Last Friday, fans of longform conversation podcast “The Joe Rogan Experience” opened their Spotify apps to a surprise: entire days’ worth of Joe Rogan content had disappeared.
More than 100 episodes, many featuring right-wing conspiracy theorists like Alex Jones and Milo Yiannopoulos, were quietly deleted by Spotify overnight. The removal is the latest development in an ongoing battle between Spotify, Joe Rogan, Neil Young and Joni Mitchell over the role of corporations in stopping the spread of misinformation.
The controversy started back in September 2020, when host Joe Rogan signed a more than $100 million deal with Spotify to make his podcast’s 11-year catalog exclusive to the streaming service. “The Joe Rogan Experience,” ranked as Spotify’s most popular podcast in 2021, features a rotating cast of guests discussing science, politics and pop culture. But Rogan, self-described as having “a love-hate relationship with conspiracies”, has also used his platform to spread misinformation about the 2020 U.S. presidential election and the COVID-19 pandemic. On Dec. 31, more than 270 physicians and science educators cosigned an open letter condemning Rogan’s promotion of anti-vax beliefs and asking Spotify to take action.
Spotify did nothing – until high-profile artists on its platform took notice. Singer-songwriter Neil Young published a letter on his website Jan. 24 asking that his musical catalog be deleted from Spotify. “I am doing this because Spotify is spreading fake information about vaccines – potentially causing death to those who believe the disinformation about them,” wrote Young. “They can have Rogan or Young. Not both.”
It seems Spotify has chosen Rogan. Two days after the publication of Young’s letter, Spotify announced they had begun removing Young’s music. “We regret Neil’s decision to remove his music from Spotify,” they said in a statement, “but hope to welcome him back again soon.”
Other artists, most notably Joni Mitchell, have since followed Young’s lead, asking that their music be taken off of Spotify in protest as well. The controversy raises a host of questions: is Spotify implicitly endorsing Rogan’s views by hosting his podcast as a Spotify exclusive? What is more important: a corporation’s duty to protect free speech, or its duty to stop the spread of misinformation?
Duke students’ opinions on the #DeleteSpotify controversy are mixed. Some believe that the ideas Joe Rogan platforms on his show are too dangerous and incendiary to be worthy of protection. “Everyone’s entitled to their political opinions, but if those political opinions affect public health and the way people cope with COVID and other diseases, it’s not okay to support things that aren’t based in fact,” said freshman Priyanshi Ahuja. “If your opinions aren’t affecting others, then do whatever you want – but that changes when you’re actively harming other people.”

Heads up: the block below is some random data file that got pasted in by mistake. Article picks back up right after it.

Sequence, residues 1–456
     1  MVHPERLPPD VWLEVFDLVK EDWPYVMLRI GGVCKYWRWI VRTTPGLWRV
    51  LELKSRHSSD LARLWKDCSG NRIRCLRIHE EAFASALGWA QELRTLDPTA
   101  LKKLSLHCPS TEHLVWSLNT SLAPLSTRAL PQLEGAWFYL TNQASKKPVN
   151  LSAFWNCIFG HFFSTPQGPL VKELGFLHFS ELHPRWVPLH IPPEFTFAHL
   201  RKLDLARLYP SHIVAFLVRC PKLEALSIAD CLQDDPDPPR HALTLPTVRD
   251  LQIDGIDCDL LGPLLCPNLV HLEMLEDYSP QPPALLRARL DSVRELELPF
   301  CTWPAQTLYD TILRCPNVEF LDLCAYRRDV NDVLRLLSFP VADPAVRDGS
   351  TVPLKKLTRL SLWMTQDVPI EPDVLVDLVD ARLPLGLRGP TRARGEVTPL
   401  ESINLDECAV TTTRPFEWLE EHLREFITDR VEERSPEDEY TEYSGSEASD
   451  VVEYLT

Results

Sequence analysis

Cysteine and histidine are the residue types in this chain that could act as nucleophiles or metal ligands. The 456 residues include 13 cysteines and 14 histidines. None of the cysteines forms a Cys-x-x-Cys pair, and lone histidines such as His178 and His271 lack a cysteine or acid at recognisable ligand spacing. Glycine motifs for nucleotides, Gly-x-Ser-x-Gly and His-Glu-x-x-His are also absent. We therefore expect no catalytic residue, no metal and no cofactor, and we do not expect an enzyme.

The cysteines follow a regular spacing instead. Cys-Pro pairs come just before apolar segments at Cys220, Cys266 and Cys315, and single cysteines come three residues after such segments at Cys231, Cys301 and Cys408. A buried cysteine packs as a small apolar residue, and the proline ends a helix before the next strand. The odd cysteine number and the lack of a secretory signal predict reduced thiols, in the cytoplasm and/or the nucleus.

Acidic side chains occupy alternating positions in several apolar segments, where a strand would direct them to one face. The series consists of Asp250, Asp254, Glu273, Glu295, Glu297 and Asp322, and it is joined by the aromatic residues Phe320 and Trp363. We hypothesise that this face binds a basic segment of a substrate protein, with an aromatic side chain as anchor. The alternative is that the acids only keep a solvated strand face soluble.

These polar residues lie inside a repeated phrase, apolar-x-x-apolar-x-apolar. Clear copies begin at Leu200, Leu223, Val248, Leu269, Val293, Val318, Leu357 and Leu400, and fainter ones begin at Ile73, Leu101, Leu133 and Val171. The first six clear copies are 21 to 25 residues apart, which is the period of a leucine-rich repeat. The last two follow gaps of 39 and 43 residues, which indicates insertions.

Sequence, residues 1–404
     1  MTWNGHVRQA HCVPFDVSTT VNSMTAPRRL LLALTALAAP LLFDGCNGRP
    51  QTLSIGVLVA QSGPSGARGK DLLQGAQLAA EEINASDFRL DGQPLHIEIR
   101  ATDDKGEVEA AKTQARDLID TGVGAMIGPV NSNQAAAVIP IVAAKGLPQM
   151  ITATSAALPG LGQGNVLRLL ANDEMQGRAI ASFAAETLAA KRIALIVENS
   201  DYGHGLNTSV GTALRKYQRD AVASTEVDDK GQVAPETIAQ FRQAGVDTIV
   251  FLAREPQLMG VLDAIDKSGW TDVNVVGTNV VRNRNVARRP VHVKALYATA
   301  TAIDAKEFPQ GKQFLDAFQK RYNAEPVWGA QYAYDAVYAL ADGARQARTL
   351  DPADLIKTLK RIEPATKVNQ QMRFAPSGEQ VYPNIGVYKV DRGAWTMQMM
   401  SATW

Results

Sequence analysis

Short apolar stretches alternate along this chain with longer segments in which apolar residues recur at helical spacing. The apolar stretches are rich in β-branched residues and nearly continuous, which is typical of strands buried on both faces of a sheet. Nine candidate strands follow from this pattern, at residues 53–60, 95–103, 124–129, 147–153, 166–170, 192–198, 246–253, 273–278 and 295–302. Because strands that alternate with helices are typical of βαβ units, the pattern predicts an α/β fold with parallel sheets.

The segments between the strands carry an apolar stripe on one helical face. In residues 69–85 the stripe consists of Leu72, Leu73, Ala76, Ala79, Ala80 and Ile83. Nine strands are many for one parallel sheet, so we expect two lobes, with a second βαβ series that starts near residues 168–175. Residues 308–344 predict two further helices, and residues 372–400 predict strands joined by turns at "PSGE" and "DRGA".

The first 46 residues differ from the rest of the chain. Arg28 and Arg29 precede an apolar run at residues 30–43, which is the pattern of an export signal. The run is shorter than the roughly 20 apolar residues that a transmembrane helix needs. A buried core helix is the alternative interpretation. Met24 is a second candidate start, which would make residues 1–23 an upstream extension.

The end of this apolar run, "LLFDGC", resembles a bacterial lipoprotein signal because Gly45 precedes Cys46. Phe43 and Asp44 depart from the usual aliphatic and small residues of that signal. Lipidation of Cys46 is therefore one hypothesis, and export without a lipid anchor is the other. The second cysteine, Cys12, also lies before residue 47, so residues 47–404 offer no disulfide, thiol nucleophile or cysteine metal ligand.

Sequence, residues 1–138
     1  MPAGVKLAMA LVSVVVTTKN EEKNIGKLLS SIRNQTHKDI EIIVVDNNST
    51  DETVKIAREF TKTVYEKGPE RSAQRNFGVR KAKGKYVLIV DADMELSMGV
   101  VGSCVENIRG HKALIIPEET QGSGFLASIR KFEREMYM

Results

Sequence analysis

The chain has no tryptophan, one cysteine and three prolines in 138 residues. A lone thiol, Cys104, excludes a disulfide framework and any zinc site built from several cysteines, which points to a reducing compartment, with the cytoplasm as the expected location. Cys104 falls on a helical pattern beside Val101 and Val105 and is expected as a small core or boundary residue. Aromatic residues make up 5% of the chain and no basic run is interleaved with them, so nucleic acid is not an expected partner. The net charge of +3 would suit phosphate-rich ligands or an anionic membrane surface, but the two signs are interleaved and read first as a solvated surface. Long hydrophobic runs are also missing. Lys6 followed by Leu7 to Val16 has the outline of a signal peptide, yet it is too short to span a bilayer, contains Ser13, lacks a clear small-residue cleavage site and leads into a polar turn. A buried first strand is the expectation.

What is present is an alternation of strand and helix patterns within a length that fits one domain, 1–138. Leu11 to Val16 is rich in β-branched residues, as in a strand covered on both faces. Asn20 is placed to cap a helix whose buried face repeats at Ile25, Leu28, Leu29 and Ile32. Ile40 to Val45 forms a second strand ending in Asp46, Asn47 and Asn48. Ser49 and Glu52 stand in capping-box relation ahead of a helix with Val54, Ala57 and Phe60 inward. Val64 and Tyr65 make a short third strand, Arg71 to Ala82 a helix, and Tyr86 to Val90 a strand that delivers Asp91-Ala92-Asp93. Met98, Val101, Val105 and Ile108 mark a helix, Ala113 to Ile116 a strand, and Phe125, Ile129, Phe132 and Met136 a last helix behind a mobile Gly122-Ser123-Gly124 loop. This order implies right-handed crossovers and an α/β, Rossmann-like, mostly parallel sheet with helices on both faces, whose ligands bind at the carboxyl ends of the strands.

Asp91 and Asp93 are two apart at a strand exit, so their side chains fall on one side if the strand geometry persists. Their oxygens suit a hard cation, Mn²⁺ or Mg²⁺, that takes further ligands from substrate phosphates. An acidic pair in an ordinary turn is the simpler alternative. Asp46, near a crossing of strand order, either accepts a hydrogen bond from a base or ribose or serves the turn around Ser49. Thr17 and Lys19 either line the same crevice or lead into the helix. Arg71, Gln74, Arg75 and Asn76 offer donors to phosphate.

Others think that censoring those views would be an unethical violation of freedom of speech. “I don’t blame Spotify for siding with Joe Rogan,” said freshman Mick Tobin. “I understand their perspective: wanting to balance free speech with censorship. You want to try and be responsible in how you enforce things, but at the same time, you’re in a delicate position, because the only two main platforms in the industry are you and Apple Music. If Spotify censors one thing, they set a precedent for the future where if Spotify doesn’t like something, they can take it down, no questions asked. We have to err on the side of caution.”
So did Spotify make the right decision? “On the ethical side, it was wrong of them,” freshman Josh Helguera wrote, but “as a business, I believe this was in their better interest.” According to Helguera, the question of whether to remove Joe Rogan from Spotify was an economic dilemma, not a moral one. “People go out of their way to watch podcasts such as Joe Rogan, yet with Joni Mitchell and Neil Young, they are probably just in a playlist made from an assortment of artists. (…) Companies know that if they stop giving content to the people that like hearing Joe Rogan’s podcast, it’ll just cost them money.”
Freshman Rachel Weissman agreed, adding that because “The Joe Rogan Experience” isn’t the first right-wing podcast Spotify has platformed, it shouldn’t be given special condemnation just because it is popular. “I don’t think that Spotify should be politicized,” she said. “I don’t know if Neil Young and Joni Mitchell were right to expect Spotify to align with them politically, because Spotify has a lot of other deals with podcasts that don’t lean exclusively left. They represent political views all across the spectrum.”
Even so, some students said the controversy will change how they interact with Spotify going forward. “I used to blindly trust whatever Spotify said was verified,” said Ahuja. “There’s a sort of ethos when it comes to big corporations’ decisions, because you assume they’re thinking about how people will be affected, since they have such an influential hold on society. But Spotify doing something like this makes me trust them less. It makes me reevaluate how corporations produce and propagate information.”
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